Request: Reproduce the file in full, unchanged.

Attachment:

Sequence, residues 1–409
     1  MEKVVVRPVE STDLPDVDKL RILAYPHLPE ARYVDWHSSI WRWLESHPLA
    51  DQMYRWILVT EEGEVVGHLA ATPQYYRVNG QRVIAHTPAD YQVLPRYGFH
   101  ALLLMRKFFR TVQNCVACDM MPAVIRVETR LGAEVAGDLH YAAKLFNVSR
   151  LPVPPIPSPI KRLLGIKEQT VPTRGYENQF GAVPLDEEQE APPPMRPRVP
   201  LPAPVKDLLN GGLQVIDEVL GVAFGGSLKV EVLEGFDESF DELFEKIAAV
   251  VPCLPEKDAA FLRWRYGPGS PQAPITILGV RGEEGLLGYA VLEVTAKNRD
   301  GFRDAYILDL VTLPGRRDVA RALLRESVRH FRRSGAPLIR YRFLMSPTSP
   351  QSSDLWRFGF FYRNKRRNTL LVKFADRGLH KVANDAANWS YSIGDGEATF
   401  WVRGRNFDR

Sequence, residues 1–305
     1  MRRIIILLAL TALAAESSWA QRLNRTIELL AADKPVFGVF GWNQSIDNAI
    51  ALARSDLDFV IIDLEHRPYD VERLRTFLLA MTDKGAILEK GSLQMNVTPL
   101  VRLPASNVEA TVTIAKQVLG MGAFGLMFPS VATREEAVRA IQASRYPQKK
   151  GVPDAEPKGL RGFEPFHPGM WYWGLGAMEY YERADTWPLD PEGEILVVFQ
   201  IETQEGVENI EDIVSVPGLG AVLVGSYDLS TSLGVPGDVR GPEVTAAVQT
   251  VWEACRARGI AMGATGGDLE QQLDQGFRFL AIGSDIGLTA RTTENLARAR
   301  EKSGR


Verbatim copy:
Sequence, residues 1–409
     1  MEKVVVRPVE STDLPDVDKL RILAYPHLPE ARYVDWHSSI WRWLESHPLA
    51  DQMYRWILVT EEGEVVGHLA ATPQYYRVNG QRVIAHTPAD YQVLPRYGFH
   101  ALLLMRKFFR TVQNCVACDM MPAVIRVETR LGAEVAGDLH YAAKLFNVSR
   151  LPVPPIPSPI KRLLGIKEQT VPTRGYENQF GAVPLDEEQE APPPMRPRVP
   201  LPAPVKDLLN GGLQVIDEVL GVAFGGSLKV EVLEGFDESF DELFEKIAAV
   251  VPCLPEKDAA FLRWRYGPGS PQAPITILGV RGEEGLLGYA VLEVTAKNRD
   301  GFRDAYILDL VTLPGRRDVA RALLRESVRH FRRSGAPLIR YRFLMSPTSP
   351  QSSDLWRFGF FYRNKRRNTL LVKFADRGLH KVANDAANWS YSIGDGEATF
   401  WVRGRNFDR

Sequence, residues 1–305
     1  MRRIIILLAL TALAAESSWA QRLNRTIELL AADKPVFGVF GWNQSIDNAI
    51  ALARSDLDFV IIDLEHRPYD VERLRTFLLA MTDKGAILEK GSLQMNVTPL
   101  VRLPASNVEA TVTIAKQVLG MGAFGLMFPS VATREEAVRA IQASRYPQKK
   151  GVPDAEPKGL RGFEPFHPGM WYWGLGAMEY YERADTWPLD PEGEILVVFQ
   201  IETQEGVENI EDIVSVPGLG AVLVGSYDLS TSLGVPGDVR GPEVTAAVQT
   251  VWEACRARGI AMGATGGDLE QQLDQGFRFL AIGSDIGLTA RTTENLARAR
   301  EKSGR